Statutes concerning the survival period of a corporation after dissolution are generally construed as procedural rather than substantive. See United States v. Village Corp., 298 F.2d 816, 820 (4th Cir.1962); Walden Home Builders v. Schmit, 326 Ill.App. 386, 62 N.E.2d 11, 12-13 (1945). But see Smith, 118 N.M. at 179-80, 879 P.2d at 1202-03 (distinguishing survival statute from statute of limitations). As a remedial or procedural matter, the survival period adopted after dissolution may apply to corporations dissolved before the effective date of the new survival statute. Village Corp., 298 F.2d at 818; Walden Home Builders, 62 N.E.2d at 12-13. The general rule is that statutes, except those dealing with remedial procedures, are to be construed as prospective, absent clear legislative intent to the contrary. Wilson v. New Mexico Lumber & Timber Co., 42 N.M. 438, 81 P.2d 61 (1938). However, the line between substance and procedure is often hazy.

Further, the substance/procedure dichotomy is not the only difficulty. There is also a question regarding the meaning of “prospective.” The survival statute governs whether a lawsuit can be filed. The lawsuit filed in this case was filed years after the effective date of the survival statute, and thus to apply the statute is to affect activity that occurred after the effective date of the statute. See Landgraf v. USI Film Prods., — U.S. -, ---, 114 S.Ct. 1522, 1524-26, 128 L.Ed.2d 229 (1994) (Scalia, J., concurring) (suggesting that retroactivity of a rule is determined by reference to the activity being regulated by the rule).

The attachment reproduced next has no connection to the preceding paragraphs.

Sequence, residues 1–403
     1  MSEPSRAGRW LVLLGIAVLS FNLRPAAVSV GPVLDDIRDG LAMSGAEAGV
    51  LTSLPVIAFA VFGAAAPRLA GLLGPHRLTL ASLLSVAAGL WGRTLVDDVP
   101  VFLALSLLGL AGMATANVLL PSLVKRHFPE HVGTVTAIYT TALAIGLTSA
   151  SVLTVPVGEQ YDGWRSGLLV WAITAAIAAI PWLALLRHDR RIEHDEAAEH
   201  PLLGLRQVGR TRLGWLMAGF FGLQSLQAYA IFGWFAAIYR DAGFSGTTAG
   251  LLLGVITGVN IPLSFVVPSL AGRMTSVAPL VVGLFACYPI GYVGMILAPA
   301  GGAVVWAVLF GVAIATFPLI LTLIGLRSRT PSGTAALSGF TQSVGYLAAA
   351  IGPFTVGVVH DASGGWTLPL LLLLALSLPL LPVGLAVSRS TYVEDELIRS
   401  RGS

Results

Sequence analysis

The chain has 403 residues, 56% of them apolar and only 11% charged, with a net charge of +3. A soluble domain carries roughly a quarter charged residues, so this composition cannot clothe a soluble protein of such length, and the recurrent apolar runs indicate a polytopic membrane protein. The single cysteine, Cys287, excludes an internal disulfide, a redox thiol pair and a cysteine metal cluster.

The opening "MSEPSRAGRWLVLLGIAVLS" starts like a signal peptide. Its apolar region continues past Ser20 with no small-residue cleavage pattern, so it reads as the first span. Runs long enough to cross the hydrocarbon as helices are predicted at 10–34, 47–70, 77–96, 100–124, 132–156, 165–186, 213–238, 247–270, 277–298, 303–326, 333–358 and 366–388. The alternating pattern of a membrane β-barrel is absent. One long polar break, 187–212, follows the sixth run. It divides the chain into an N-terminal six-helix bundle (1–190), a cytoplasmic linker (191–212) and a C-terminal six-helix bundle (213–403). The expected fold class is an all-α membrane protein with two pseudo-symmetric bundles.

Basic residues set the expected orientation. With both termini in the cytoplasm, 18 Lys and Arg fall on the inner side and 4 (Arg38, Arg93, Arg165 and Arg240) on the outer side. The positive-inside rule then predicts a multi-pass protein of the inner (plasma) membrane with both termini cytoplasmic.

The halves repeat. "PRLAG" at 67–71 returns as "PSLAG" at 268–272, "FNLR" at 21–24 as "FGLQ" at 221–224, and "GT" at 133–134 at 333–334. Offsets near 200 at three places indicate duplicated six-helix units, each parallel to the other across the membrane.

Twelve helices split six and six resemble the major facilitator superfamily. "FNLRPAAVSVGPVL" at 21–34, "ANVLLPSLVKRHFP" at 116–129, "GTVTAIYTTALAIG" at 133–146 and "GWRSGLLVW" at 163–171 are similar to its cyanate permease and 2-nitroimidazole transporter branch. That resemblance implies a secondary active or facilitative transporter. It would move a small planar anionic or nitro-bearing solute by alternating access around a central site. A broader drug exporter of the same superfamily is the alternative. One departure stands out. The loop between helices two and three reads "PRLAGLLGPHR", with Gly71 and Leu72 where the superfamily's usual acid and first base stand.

In any event, the process we are engaged in is statutory interpretation. General propositions can provide guidance, but the proper applicability of a particular statute may be discerned from its purposes. We believe the legislature would have intended the same time limitation to apply to nonprofit corporations dissolved prior to the 1975 Act as those dissolved subsequently. Indeed, the reasons for repose would be stronger for pre-1975 dissolutions.

That is not to say that there is no need for transition provisions. For example, when statutes of limitation are amended to reduce the limitations period, courts have allowed a reasonable time to bring a cause of action that would have been timely but for the amendment reducing the limitations period. See Fust v. Arnar-Stone Labs., 736 F.2d *3151098 (5th Cir.1984); Chicago Heights Venture v. Dynamit Nobel of Am., Inc., 782 F.2d 723, 725-26 (7th Cir.1986). It may therefore be appropriate to interpret the 1975 survival statute as providing two years after the effective date to bring a suit against corporations dissolved before the effective date. Indeed, it may even be sound policy to recognize equitable tolling for fraudulent concealment, so that the two-year period would begin only after discovery of the fraudulent concealment.